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dc.contributor.author McCabe, Glen Harvey en_US
dc.date.accessioned 2009-12-09T16:46:23Z
dc.date.available 2009-12-09T16:46:23Z
dc.date.issued 2004-08-01-01:09T00:00:00Z en_US
dc.identifier (Sirsi) AQL-1602 en_US
dc.identifier.uri http://hdl.handle.net/1993/3816
dc.description.abstract Aboriginal people are engaged in a process of cultural reclamation that has become more focused, more widespread and more documented than ever before. With this has come controversy and discussion both inside and outside the Aboriginal community regarding the role, meaning and effectiveness of traditional healing. It was anticipated that Aboriginal traditional healing practices would incorporate many of the elements and traits normally associated with the major psychological intervention approaches being used currently by psychologists. This would include such elements as a theoretical foundation for intervention and assessment, intervention techniques, assessment techniques, a theory of human development, a definition of wellness and guidelines for ethical practice. The data included in the study was collected from personal experience of the researcher, literary works on the subject of traditional healing and Aboriginal experience and interviews conducted with healers and people who have been engaged in traditional healing as clients. Data was recorded and gathered in a style and method in keeping with the ethics of behaviour and the oral traditions in the Aboriginal community. Data was reviewed, analyzed and evaluated in the context of it being a reflection of the knowledge and experience of the people in the Aboriginal community and in the context that its ownership resides with the Aboriginal community. It was expected that the study would support the hypothesis that Aboriginal traditional healing has the necessary elements for therapeutic change to occur, and that it compared favourably to the major schools of psychotherapy in psychology including behaviourism, cognitive theory, humanism, and psychoanalysis. Sixty-nine different points that supported this assumption were gathered from the data and placed under twelve major clinical headings. The headings are spirituality, ceremonies and rituals, the Sacred Teachings, genuineness, role modeling, lessons of daily living, safety, acceptance and respect, empathic understanding, questions and answers, the inner and unknown self and readiness to change. These are presented and discussed in the report. en_US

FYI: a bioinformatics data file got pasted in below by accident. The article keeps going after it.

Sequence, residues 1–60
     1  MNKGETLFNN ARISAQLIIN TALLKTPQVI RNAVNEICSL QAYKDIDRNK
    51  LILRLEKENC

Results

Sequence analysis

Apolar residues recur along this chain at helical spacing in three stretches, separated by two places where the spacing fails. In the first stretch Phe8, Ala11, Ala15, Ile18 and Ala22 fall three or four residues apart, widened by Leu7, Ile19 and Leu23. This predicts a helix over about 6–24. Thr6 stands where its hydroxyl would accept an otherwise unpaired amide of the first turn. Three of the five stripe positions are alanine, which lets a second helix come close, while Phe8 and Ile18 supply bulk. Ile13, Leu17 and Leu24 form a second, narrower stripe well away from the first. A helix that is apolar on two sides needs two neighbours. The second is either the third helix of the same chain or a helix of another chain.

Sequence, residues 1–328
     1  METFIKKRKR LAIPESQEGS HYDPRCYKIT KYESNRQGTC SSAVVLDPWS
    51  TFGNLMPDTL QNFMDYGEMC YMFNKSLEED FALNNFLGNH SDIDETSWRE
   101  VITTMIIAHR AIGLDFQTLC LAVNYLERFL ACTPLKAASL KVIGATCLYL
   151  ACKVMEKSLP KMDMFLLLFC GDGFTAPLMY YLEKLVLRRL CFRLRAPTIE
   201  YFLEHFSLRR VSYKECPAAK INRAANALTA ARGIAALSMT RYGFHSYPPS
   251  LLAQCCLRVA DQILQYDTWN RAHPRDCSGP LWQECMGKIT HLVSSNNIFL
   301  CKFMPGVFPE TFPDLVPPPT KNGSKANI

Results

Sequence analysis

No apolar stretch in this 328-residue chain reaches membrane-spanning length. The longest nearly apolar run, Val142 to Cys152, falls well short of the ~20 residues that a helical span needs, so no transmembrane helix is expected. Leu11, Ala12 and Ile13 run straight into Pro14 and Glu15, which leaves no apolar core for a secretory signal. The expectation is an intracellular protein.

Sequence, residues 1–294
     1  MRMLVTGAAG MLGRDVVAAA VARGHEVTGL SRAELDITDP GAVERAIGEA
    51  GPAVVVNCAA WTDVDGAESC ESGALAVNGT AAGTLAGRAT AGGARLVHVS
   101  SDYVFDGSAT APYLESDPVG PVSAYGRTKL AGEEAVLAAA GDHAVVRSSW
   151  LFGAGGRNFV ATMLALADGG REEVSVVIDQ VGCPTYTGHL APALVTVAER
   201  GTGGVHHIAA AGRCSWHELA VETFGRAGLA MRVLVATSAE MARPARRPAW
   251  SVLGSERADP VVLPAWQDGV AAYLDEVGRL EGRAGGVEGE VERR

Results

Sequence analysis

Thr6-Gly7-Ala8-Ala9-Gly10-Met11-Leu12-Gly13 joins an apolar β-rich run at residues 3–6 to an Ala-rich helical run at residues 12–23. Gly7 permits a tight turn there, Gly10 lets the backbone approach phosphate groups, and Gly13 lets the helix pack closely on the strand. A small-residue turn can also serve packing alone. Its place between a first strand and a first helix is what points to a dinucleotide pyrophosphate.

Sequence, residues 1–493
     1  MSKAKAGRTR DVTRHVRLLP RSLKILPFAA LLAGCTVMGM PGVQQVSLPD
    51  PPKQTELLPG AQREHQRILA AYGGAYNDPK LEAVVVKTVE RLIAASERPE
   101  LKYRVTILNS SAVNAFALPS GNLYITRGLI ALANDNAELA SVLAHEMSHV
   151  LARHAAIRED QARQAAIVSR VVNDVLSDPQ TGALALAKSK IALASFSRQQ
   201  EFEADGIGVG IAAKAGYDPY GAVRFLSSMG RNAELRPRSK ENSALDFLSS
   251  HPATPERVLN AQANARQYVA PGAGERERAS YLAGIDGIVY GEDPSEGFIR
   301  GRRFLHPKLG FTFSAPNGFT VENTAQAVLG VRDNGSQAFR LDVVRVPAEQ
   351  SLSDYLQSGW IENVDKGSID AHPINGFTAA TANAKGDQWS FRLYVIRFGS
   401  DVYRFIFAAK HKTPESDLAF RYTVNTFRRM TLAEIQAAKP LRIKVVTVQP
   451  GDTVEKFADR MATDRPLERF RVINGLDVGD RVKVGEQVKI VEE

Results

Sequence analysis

dc.format.extent 320 [i.e. 322] leaves : en_US
dc.format.extent 15462811 bytes
dc.format.mimetype application/pdf
dc.language en_US
dc.language.iso en_US
dc.rights The reproduction of this thesis has been made available by authority of the copyright owner solely for the purpose of private study and research, and may only be reproduced and copied as permitted by copyright laws or with express written authorization from the copyright owner. en_US
dc.title Finding the healing path : the therapeutic conditions of Aboriginal traditional healing en_US
dc.degree.discipline Psychology en_US
dc.degree.level Doctor of Philosophy (Ph.D.) en_US


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